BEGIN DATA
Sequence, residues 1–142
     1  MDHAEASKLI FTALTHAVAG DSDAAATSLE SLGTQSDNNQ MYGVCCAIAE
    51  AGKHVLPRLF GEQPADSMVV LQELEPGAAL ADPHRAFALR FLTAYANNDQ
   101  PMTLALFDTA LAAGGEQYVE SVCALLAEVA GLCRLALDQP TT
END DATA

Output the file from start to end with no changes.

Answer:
Sequence, residues 1–142
     1  MDHAEASKLI FTALTHAVAG DSDAAATSLE SLGTQSDNNQ MYGVCCAIAE
    51  AGKHVLPRLF GEQPADSMVV LQELEPGAAL ADPHRAFALR FLTAYANNDQ
   101  PMTLALFDTA LAAGGEQYVE SVCALLAEVA GLCRLALDQP TT